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Content Marketing for Your Practice

September 8, 2020

Ashley Buehnerkemper


In the marketing world, content is still king. Content marketing is a big part of attracting and retaining customers for all businesses, including dermatology practices. Whether on a website, social media, blogs, etc., content marketing for your practice has become a necessity.

But your focus is on patient care, so spending extra time on content marketing for your practice can be challenging. That’s one of the many obstacles of running both a practice and a business. If you fall in that realm and are struggling to get your content marketing off the ground, here are a few steps that can help.

Build your strategy.

You may already have a content strategy for your marketing plan, but if not, it’s important to consider a few things before jumping into creating and sending out content. And even if you do have an existing strategy for content, you may still find a few helpful ideas. For your strategy, consider:

  • Who’s your audience?
  • What actions are you trying to create?
  • Topics to feature?
  • Best channels to distribute content?
  • Timeline and plan of execution?
  • How will you measure the success of your content?

Create your content.

Once your strategy is in place, you can start creating your content. But don’t just dive right in, this also requires some planning. With lots of different tasks needed and each requiring different amounts of time dedicated to them, trying to do everything at once will only cause more struggles or subpar work. Whether you’re writing a blog, social media post or whatever else, take time to research your topic, outline what you want to do and prepare your points. This will make the process a lot easier, and holds true with other things like podcasts and videos too. Decide the level of importance for your pieces and tackle them in smaller steps with realistic timelines.

Think about what makes content high-quality in today’s day and age. Stuffing as many keywords as possible into your online work is no longer a best practice. Today, people want informative, in-depth and well-written content they can engage with. Certainly, different pieces of content will be better suited for different sizes (blogs will be longer than social media posts or online ads), but always have the goal of quality in your mind rather than just getting clicks.

That being said, optimization is still very real and important for your online content. You still want your high-quality content to be searchable and easily found. If you’re trying to generate patient leads, be sure to promote the right spots and offers. Or if you’re attracting people through SEO, make sure your targeted keywords are relevant. But you can still optimize effectively without sacrificing the quality of your content.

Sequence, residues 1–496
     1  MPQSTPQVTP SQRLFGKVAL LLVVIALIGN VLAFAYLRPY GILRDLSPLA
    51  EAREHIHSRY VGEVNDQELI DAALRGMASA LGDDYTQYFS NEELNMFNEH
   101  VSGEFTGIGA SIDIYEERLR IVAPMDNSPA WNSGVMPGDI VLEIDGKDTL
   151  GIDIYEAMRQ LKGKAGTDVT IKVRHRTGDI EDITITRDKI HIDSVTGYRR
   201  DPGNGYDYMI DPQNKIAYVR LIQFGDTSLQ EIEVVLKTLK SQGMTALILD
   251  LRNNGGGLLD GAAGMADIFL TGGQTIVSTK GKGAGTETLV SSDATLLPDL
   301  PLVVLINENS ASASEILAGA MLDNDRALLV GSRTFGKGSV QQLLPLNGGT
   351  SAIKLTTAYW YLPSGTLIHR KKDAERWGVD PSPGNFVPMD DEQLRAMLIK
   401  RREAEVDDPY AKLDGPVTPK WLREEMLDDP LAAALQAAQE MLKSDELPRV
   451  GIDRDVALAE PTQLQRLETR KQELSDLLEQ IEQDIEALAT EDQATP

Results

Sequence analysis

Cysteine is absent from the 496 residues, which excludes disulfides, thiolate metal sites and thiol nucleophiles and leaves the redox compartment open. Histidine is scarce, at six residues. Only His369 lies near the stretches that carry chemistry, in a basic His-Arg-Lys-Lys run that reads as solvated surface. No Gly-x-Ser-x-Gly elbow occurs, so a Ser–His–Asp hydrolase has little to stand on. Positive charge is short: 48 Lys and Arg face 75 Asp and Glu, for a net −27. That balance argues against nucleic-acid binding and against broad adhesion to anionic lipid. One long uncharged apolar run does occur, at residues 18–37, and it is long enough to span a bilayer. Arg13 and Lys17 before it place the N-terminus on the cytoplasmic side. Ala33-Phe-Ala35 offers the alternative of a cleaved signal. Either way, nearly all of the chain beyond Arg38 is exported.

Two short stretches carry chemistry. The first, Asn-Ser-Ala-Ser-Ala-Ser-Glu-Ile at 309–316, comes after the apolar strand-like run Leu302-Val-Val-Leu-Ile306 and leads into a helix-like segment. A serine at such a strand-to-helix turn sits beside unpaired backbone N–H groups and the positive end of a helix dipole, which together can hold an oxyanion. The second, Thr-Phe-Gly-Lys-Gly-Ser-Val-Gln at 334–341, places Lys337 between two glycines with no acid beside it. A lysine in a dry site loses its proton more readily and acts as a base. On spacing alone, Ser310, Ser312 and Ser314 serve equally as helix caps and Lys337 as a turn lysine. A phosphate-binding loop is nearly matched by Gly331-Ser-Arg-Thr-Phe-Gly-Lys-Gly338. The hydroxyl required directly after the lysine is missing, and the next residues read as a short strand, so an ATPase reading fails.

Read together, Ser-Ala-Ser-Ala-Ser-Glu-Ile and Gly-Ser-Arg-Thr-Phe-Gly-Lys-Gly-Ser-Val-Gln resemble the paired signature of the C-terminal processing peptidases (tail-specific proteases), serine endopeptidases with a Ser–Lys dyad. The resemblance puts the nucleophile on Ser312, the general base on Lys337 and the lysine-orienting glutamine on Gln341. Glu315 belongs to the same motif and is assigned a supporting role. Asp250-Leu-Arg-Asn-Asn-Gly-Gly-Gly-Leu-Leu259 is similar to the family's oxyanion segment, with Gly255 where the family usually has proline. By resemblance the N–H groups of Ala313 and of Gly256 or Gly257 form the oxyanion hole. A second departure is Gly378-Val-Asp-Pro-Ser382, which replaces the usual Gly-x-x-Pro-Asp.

Distribute your content.

Now that you have your quality content ready, people still need to know about it. Depending on what you outlined for your plan, push your content out with the right channels. If you wrote a blog, post it on your blog site (or create one if you don’t have one), then share it on your social media. For practice email marketing, share your content through your distribution list. If you made a video, post it on your website and link to it on social media sites, etc. The point being, decide what channels work best for your content and take advantage.

Repurpose your content.

You don’t always have to build content from scratch either. Find ways to repurpose your content across different channels. This will save you a lot of time and manpower, and can still get you great results. While content distribution is more about bringing people from other platforms back to content on your website, repurposing is about bringing the website’s content to the people on other platforms. Both can be done right after the content is pushed out. Here are some repurposing examples:

  • Reformatting a piece to another, like from copy into video, podcasts or graphics.
  • Breaking up long-form pieces of content into smaller pieces.
  • Combining shorter pieces of content into larger pieces.
  • Republishing a piece to other channels.

Get help if you need it.

As mentioned before, you’re a dermatologist, not a marketing professional. And unless you have experience as a marketer, you may feel like taking care of all of this alone, or even with your team, is daunting and just not feasible with your already busy schedule. That’s more than fine. Your goal is to take care of patients, so you shouldn’t have to be a marketing guru at the same time. There are many resources out there that can help with your marketing and content efforts.

Need help with content marketing for your practice? We’re here to be your source of marketing support too. We’re always a phone call or click away to help. Schedule a consultation with one of our practice management experts today!




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